Grasping the defence self-reliance nettle

The government’s moves will help address vulnerabilities in crises as well as strategic and national security concerns

Updated - May 21, 2020 01:00 am IST

Published - May 21, 2020 12:02 am IST

The measures, recently announced by the Finance Minister, to promote self-reliance in defence production, address long-standing strategic and national security concerns about the extent of India’s external dependence for its defence-preparedness. For most of the past decade, India had the dubious distinction of being the world’s largest arms importer, accounting for about 12% of global arms imports. Saudi Arabia jumped to first place in 2018 and 2019, but India still takes over 9% of global imports. This external dependence for weapons, spares and, in some cases, even ammunition creates vulnerabilities during military crises. COVID-19 has, once again, focused minds on the impact of supply chain disruptions on both civil and defence sectors. It is a no-brainer that with its security environment, its great power ambitions and its technological capacities, India should have a robust defence manufacturing capacity.

The facts that new Defence Procurement Procedures (DPP) 2020 are under formulation and that we now have a Chief of Defence Staff (CDS) tasked with promoting indigenous equipment in the armed forces, provide a conducive backdrop to this initiative.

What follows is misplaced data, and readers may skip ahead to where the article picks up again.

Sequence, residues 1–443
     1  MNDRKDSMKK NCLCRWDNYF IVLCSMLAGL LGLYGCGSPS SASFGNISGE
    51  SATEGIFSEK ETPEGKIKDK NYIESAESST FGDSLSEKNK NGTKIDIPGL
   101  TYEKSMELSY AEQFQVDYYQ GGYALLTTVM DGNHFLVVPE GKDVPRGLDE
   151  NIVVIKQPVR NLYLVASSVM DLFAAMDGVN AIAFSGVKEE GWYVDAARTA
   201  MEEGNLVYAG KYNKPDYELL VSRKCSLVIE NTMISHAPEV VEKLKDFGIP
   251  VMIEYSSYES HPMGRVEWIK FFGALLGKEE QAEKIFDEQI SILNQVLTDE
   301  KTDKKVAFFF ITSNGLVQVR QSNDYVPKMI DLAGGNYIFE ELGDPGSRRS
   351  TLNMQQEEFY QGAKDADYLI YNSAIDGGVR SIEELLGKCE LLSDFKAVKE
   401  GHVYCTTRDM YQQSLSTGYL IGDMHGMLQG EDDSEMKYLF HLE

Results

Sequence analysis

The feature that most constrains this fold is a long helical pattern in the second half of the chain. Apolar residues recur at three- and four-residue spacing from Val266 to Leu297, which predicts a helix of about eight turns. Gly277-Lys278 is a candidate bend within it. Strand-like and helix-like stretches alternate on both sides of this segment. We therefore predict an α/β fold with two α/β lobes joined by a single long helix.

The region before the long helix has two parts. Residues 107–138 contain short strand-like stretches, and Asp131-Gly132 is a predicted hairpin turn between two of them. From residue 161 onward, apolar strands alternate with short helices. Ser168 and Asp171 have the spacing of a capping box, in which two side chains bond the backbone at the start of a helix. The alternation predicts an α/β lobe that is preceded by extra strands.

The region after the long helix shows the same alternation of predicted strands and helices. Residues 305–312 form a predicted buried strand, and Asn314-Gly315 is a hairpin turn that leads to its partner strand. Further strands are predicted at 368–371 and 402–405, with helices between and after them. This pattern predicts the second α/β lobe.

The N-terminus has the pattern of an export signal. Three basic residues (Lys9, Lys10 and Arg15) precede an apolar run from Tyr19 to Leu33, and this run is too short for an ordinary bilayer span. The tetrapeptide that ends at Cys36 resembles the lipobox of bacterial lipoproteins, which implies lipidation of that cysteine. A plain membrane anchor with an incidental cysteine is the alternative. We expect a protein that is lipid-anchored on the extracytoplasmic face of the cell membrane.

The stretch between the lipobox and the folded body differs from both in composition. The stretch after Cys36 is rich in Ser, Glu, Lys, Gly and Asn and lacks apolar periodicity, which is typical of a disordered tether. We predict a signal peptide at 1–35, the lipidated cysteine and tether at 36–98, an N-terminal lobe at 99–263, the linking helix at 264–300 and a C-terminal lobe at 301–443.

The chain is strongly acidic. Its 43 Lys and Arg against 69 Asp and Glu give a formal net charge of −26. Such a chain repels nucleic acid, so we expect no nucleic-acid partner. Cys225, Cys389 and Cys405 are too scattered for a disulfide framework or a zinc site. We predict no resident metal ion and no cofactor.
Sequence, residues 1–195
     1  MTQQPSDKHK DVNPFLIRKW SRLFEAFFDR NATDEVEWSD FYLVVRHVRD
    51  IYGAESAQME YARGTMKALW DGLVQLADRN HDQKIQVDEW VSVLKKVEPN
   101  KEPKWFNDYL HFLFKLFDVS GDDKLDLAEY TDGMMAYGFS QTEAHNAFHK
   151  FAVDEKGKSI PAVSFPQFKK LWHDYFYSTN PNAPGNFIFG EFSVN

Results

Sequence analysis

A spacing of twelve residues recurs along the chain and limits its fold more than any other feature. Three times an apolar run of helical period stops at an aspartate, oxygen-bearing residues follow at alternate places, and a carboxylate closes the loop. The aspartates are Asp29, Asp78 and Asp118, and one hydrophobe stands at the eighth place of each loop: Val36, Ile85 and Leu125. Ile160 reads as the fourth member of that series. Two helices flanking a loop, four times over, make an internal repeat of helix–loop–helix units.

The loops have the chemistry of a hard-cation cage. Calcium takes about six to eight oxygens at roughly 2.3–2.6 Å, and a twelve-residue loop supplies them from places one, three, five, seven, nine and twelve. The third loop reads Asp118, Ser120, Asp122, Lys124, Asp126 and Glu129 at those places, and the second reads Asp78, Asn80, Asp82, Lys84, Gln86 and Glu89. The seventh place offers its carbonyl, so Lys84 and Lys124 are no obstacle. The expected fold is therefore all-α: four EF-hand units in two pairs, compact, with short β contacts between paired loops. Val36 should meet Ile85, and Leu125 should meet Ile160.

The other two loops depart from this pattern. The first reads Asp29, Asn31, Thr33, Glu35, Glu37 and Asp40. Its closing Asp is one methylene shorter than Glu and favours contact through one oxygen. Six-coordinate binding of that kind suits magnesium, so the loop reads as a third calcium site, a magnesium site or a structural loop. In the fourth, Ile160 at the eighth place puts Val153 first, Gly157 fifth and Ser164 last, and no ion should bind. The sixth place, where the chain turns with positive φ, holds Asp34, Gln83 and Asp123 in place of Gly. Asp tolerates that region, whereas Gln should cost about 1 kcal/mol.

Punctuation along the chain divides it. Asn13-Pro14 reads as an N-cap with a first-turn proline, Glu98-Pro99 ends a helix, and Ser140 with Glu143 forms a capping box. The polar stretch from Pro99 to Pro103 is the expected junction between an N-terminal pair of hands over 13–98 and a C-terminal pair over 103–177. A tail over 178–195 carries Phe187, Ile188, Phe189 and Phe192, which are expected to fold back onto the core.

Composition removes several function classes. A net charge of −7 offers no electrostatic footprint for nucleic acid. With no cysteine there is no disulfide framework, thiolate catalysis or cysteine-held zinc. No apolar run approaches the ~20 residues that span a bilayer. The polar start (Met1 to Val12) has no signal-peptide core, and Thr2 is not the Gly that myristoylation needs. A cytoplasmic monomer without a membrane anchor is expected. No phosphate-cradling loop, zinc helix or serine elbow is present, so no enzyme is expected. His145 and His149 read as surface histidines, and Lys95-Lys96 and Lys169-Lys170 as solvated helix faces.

Also read | CDS Rawat calls for leeway in defence procurement

An opportune moment

The decision to notify a list of weapons systems for sourcing entirely from Indian manufacturers, the promise to progressively expand this list and a separate Budget provision for domestic capital procurement will encourage our private defence manufacturers, whose research capacities, technological skills and quality commitment are often better appreciated by foreign clients for whom they are subcontractors. There is a range of platforms and subsystems, developed in India and qualified in trials, some of which face hurdles to their induction by our armed forces because of foreign competition. These include missile systems such as Akash and Nag, the Light Combat Aircraft and the Light Combat Helicopter, artillery guns, radars, electronic warfare systems and armoured vehicles.

The government has promised a time-bound defence procurement process, overhauling trial and testing procedures and establishing a professional project management unit. The significance of these measures is underscored by the fact that over the past five years, the Indian government has approved over 200 defence acquisition proposals, valued at over ₹4 trillion, but most are still in relatively early stages of processing. Of course, this delay now provides the opportunity to re-examine them and to prioritise those with indigenous research and development. The CDS could also examine them from a tri-service angle, to avoid redundancy of capacities across the services.

The decision to corporatise the Ordnance Factory Board is another long overdue reform. Over the decades, our ordnance factories have been the backbone of indigenous supplies to our armed forces, from weapons systems to spares, ammunition and auxiliaries (including uniforms and boots). Their structure, work culture and product range now need to be responsive to technology and quality demands of modern armed forces. Corporatisation, including public listing of some units, ensures a more efficient interface of the manufacturer with the designer and end user. The factories would be better integrated into the larger defence manufacturing ecosystem.